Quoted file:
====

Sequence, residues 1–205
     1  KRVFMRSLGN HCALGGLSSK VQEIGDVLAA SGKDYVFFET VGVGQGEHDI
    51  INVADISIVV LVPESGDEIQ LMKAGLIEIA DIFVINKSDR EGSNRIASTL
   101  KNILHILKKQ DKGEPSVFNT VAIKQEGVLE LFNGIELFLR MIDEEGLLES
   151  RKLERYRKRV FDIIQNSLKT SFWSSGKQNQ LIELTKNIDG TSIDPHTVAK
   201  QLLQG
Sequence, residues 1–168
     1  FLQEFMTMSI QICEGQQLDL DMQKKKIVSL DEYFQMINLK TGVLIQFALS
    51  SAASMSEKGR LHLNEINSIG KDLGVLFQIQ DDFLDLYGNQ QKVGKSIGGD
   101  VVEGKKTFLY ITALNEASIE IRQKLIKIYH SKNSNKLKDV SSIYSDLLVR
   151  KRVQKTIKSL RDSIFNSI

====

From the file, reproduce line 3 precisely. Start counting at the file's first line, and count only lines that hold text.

    51  INVADISIVV LVPESGDEIQ LMKAGLIEIA DIFVINKSDR EGSNRIASTL